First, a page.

The Housing Market Predicts A Slow Down In The Economy

The Housing Market Predicts A Slow Down In The Economy

 In Blog, Tips for Real Estate

The housing market can be dictated on the current state of the economy. What we mean by this is that it can all depend on if this is currently a buyer’s or seller’s market. At often times, the housing market effects the state of the economy. This is why analysts from the economy study closely the housing market. Dictating this can also predict and help others prepare for a recession if need be.

Now, one critical clue from the housing market has emerged to suggest economic growth is likely to decline in single-family households.


What we are really trying to say is that construction activity appears to be slowing.


Existing housing maintenance and remodeling work is also down, continuing on a sufficient decline. Maintenance work is also down 5.53% this year, while remodeling work was down 10.07%.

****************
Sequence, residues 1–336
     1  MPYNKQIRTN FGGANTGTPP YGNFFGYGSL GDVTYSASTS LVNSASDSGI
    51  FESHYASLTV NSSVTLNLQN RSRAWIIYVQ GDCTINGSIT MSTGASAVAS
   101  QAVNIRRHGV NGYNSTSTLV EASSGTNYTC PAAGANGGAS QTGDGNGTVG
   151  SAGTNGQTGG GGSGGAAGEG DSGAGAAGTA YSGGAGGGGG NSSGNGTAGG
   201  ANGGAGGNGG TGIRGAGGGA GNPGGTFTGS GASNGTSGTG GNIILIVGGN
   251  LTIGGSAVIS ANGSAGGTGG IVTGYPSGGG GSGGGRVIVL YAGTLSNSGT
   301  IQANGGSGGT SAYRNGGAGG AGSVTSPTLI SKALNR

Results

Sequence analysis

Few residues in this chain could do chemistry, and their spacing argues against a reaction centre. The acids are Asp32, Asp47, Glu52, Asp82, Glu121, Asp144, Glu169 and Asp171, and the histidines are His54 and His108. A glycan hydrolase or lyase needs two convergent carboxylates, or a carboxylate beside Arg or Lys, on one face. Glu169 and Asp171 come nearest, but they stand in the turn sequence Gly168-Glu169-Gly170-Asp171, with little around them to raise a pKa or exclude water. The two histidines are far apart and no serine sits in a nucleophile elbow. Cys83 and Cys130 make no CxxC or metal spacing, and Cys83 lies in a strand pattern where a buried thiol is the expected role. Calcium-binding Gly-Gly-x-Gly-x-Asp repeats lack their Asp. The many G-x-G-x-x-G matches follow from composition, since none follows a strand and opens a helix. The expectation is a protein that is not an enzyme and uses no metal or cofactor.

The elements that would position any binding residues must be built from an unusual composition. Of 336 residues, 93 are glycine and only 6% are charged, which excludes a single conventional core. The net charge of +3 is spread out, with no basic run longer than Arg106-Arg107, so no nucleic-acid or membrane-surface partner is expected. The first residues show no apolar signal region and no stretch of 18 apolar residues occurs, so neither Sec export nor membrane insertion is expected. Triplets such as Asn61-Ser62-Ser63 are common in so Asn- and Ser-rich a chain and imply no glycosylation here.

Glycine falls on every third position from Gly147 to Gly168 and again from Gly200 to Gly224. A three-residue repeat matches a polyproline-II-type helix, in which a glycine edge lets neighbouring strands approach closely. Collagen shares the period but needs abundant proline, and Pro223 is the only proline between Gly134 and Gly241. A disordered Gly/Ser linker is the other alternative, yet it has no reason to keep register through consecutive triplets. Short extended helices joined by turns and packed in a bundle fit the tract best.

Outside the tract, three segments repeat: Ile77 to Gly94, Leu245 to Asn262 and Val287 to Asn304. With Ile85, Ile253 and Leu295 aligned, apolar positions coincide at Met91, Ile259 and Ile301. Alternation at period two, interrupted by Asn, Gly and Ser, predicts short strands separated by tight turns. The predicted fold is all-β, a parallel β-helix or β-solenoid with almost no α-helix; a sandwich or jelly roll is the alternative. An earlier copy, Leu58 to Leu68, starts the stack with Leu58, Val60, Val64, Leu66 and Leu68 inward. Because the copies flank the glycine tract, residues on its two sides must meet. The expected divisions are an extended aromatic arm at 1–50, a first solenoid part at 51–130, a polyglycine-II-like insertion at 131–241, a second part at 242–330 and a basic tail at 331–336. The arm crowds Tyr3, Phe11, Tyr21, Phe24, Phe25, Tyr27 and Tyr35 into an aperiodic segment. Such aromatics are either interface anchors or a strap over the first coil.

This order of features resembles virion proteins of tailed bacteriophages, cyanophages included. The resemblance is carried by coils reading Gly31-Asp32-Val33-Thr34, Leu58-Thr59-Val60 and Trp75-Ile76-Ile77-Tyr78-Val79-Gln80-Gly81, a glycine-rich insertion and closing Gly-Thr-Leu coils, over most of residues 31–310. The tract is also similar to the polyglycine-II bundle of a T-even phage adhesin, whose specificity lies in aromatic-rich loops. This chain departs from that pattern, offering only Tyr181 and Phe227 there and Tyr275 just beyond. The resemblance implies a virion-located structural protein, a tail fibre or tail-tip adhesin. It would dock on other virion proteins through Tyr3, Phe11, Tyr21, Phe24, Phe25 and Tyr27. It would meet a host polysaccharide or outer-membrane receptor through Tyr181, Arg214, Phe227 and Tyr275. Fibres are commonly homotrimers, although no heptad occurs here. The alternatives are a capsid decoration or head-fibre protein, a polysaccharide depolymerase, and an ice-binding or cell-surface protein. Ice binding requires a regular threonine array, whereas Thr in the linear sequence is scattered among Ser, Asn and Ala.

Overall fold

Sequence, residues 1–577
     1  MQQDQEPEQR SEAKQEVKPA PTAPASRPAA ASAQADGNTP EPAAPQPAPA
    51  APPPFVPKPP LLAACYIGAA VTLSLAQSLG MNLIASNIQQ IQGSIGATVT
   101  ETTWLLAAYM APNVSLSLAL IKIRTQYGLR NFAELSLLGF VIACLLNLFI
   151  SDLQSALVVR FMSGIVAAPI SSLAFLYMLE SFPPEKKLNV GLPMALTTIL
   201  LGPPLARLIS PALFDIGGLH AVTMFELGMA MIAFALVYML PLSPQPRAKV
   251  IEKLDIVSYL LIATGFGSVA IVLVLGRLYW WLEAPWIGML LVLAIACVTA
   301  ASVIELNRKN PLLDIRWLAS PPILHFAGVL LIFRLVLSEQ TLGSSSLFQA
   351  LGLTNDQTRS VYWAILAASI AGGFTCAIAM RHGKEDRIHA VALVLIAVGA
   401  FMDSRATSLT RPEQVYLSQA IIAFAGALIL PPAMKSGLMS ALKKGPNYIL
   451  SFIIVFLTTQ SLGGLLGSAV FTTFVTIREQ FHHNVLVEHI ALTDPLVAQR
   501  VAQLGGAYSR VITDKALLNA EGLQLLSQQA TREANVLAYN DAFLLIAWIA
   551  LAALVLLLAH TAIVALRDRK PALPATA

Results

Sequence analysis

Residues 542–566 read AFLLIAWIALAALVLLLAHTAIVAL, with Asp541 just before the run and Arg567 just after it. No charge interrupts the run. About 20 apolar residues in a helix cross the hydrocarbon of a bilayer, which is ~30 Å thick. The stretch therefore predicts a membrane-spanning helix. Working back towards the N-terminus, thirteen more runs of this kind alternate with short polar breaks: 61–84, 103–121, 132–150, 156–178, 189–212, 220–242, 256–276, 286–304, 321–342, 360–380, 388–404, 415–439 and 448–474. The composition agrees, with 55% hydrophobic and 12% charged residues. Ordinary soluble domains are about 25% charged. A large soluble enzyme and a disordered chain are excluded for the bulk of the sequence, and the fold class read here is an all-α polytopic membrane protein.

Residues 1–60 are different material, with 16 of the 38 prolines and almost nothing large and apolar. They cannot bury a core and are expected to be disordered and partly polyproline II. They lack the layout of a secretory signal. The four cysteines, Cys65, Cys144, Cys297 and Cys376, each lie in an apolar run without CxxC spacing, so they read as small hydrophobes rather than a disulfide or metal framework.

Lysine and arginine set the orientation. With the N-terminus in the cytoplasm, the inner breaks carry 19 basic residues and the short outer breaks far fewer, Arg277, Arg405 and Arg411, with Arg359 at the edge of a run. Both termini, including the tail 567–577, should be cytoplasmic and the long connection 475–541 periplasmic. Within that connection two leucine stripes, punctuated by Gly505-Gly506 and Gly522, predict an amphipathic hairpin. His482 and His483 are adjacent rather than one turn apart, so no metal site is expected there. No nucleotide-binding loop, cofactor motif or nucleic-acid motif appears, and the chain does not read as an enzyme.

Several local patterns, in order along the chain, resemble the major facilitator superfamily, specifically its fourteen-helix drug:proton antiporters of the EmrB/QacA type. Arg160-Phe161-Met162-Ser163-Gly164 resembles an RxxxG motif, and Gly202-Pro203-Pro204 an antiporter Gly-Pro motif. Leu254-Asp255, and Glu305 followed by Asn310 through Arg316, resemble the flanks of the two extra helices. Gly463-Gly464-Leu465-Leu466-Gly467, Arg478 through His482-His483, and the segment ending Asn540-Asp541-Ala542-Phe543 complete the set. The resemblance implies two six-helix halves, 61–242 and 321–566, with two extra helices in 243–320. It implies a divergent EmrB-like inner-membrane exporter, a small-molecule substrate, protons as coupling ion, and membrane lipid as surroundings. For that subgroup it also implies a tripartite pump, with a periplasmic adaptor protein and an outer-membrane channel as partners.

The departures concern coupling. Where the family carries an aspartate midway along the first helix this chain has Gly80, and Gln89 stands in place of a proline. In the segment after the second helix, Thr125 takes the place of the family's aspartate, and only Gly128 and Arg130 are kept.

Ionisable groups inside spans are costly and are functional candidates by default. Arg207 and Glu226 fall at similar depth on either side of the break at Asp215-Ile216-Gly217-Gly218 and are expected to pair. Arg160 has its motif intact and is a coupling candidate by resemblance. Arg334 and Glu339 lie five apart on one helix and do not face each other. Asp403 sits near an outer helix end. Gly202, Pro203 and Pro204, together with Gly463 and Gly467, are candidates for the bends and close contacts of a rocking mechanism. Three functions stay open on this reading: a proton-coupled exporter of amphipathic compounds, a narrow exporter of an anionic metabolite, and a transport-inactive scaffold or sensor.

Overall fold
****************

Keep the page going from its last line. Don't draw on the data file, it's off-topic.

Interestingly enough, some cities are defying national trends, posting increases in new construction and maintenance in February.


Those cities are; Dallas, New York City, Chicago and Washington, D.C., saw activity in new construction and maintenance rise.


Experts say Chicago saw the greatest increases, with new construction up 60.15% and maintenance up 19.51%, which the report said could be a result of the city’s strategic 5-year housing plan to solve affordability problems.



BuildFax CEO Holly Tachovsky said that the performance of these indicators over the next several months will be key to determining the overall impact on the economy.


“There have been persistent declines across key housing indicators for four consecutive months. However, we anticipate some economic relief as we head into 2019’s spring home buying season,” Tachovsky said.

“Mortgage rates have reached recent lows leading to increased potential for home sales, which is oftentimes followed by a surge in remodeling activity,” she continued. “The performance of single-family housing authorizations, maintenance and remodeling activity through this next season will shed light on whether declines in the housing market will spread to the broader economy.”

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